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Primary Care Physicians and Disparities in Colorectal Cancer Screening in the Elderly

Authors

  • Ashwani K. Singal M.D.,

    1. Sealy Center on Aging, University of Texas Medical Branch, Galveston, TX
    2. Department of Internal Medicine, University of Texas Medical Branch, Galveston, TX
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  • Yu-Li Lin M.S.,

    1. Sealy Center on Aging, University of Texas Medical Branch, Galveston, TX
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  • Yong-Fang Kuo Ph.D.,

    1. Sealy Center on Aging, University of Texas Medical Branch, Galveston, TX
    2. Department of Internal Medicine, University of Texas Medical Branch, Galveston, TX
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  • Taylor Riall M.D., Ph.D.,

    1. Sealy Center on Aging, University of Texas Medical Branch, Galveston, TX
    2. Department of Surgery, University of Texas Medical Branch, Galveston, TX
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  • James S. Goodwin M.D.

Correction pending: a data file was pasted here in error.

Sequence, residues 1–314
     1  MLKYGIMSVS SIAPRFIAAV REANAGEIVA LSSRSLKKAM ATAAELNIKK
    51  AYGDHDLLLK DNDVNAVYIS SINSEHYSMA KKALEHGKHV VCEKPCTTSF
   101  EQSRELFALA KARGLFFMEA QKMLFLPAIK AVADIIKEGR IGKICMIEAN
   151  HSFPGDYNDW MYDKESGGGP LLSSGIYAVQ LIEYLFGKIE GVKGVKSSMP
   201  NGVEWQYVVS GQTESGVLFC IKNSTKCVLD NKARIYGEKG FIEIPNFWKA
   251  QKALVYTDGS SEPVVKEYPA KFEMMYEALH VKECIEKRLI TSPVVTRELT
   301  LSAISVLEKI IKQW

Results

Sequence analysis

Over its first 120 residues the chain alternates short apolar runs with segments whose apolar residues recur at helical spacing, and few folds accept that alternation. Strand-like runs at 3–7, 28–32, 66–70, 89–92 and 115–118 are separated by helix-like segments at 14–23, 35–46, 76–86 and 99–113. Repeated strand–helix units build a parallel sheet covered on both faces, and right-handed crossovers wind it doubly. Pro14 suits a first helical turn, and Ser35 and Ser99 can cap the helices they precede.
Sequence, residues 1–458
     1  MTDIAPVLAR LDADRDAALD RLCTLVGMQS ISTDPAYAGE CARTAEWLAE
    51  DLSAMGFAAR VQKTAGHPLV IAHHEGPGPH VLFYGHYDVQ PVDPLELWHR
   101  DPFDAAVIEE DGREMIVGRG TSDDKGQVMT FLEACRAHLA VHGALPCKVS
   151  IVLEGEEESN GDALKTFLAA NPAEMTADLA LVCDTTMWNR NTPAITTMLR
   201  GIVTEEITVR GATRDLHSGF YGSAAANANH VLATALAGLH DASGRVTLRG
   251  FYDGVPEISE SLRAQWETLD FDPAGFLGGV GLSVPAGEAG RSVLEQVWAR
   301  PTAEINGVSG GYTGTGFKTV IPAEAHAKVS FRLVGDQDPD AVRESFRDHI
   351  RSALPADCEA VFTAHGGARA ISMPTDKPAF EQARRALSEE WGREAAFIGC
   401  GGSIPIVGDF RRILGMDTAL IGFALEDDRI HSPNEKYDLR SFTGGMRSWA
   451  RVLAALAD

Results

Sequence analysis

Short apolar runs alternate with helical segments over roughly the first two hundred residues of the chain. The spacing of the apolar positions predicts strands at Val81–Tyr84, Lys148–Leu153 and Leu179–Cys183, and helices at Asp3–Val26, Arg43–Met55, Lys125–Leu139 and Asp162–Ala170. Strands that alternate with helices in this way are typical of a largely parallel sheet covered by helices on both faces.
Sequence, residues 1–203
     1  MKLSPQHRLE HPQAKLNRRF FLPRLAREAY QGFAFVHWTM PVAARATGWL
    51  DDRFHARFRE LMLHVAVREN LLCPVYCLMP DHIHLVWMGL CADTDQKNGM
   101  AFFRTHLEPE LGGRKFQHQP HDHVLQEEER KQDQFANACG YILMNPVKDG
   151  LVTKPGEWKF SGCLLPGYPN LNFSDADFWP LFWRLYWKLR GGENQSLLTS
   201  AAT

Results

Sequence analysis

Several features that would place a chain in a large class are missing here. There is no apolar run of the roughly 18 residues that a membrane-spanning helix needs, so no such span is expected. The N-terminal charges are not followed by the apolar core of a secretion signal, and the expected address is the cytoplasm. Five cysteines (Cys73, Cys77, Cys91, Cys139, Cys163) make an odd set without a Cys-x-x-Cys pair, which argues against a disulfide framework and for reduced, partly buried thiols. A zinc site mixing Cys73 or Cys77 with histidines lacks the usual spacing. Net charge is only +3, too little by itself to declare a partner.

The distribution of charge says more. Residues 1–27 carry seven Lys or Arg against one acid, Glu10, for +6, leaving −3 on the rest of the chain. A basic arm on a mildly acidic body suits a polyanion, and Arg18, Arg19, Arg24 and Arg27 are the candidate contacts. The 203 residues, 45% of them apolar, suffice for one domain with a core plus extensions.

Corresponding author
    1. Department of Internal Medicine, University of Texas Medical Branch, Galveston, TX
    • Sealy Center on Aging, University of Texas Medical Branch, Galveston, TX
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Address correspondence to James S. Goodwin, M.D., Sealy Center on Aging, The University of Texas Medical Branch, 301 University Blvd., Galveston, TX 77555-0177; e-mail: jsgoodwi@utmb.edu

Abstract

Objective

To examine whether having a primary care physician (PCP) is associated with reduced ethnic disparities for colorectal cancer (CRC) screening and whether clustering of minorities within PCPs contributes to the disparities.

Data Sources/Study Setting

Retrospective cohort study of Medicare beneficiaries age 66–75 in 2009 in Texas.

Study Design

The percentage of beneficiaries up to date in CRC screening in 2009 was stratified by race/ethnicity. Multilevel models were used to study the effect of having a PCP and PCP characteristics on the racial and ethnic disparities on CRC screening.

Data Collection/Extraction Methods

Medicare data from 2000 to 2009 were used to assess prior CRC screening.

Principal Findings

Odds of undergoing CRC screening were more than twice as high in patients with a PCP (OR = 2.05, 95 percent CI 2.03–2.07). After accounting for clustering and PCP characteristics, the black–white disparity in CRC screening rates almost disappears and the Hispanic–white disparity decreases substantially.

Conclusions

Ethnic disparities in CRC screening in the elderly are mostly explained by decreased access to PCPs and by clustering of minorities within PCPs less likely to screen any of their patients.

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